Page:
The other main problem with the Scarecrow here was, as well as his appearance, the effects of his fear toxin. The first time it is used it arouses a security guard's arachnaphobia, causing him to see a myriad of spiders crawling on his hand... Unfortunately these are cheaply animated spiders, consisting of just red balls with little black lines for legs, so it's hardly a horrifying sight if you're scared of spiders or not. Therein lies the problem with the Scarecrow's very concept; if the viewer is not at least unsettled by what they are seeing, how are they meant to consider him a threat? However that doesn't mean the episode isn't worth seeing, simply for its campy value; we have looming father figures turning into evil skeletons, red eyes and all, the villain's dimwitted accomplices who constantly irritate him with their idiocy and the now cliche "I am the night!" speech given by Batman as he hangs from a blimp. It's worth watching just for a good laugh.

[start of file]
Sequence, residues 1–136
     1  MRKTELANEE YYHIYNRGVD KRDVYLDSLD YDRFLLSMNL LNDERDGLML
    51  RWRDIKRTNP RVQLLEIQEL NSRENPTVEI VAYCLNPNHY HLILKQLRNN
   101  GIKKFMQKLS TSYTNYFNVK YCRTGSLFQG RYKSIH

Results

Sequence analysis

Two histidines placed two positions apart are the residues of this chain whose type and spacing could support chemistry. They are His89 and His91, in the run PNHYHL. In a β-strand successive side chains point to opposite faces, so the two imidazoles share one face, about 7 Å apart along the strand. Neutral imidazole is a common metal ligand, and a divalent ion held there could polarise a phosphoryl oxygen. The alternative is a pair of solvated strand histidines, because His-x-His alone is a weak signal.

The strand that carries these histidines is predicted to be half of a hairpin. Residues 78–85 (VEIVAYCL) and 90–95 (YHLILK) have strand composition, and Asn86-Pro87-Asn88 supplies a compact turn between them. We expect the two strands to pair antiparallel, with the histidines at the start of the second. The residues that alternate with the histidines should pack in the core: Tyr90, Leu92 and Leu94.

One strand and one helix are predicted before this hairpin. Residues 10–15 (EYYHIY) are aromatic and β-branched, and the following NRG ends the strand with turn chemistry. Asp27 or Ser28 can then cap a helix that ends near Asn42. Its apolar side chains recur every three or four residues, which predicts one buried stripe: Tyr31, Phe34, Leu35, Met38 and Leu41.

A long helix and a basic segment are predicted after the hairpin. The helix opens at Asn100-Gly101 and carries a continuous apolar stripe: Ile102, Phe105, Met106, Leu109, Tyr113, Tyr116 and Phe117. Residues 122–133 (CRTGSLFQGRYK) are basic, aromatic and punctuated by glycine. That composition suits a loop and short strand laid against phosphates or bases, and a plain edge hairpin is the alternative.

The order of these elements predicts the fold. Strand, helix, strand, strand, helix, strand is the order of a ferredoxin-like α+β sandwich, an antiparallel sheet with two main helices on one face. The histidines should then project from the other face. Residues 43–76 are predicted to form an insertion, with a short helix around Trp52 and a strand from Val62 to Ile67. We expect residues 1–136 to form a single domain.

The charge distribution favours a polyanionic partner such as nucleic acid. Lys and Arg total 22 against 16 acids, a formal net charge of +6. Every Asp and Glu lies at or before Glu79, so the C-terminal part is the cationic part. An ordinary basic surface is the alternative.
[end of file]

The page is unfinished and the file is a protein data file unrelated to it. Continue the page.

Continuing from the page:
The second episode the Scarecrow appeared in, in my opinion, improved the character by leaps and bounds. In "Fear of Victory", the Scarecrow has taken to infecting athletes with a fear drug that acts on adrenaline, and then betting against them to make himself rich. The actual effects of the drug are rarely seen, which is much more affecting than actually seeing what the victims are reacting to. The Scarecrow's design was also altered, giving him long straw-like hair, jutting teeth and pupils to heighten his expression... However it didn't really make him any scarier. I will say, however, that Henry Polic II's voice acting takes a good turn here. Sometimes he is able to make you feel unsteady and bewildered, especially when he delivers the line "Lost? You have that bewildered look... But your sort always does!" in a somewhat sing-song, creepy fashion. This plot is definitely more plausible as well, with the Scarecrow actually using the fear drug for a good reason: personal gain.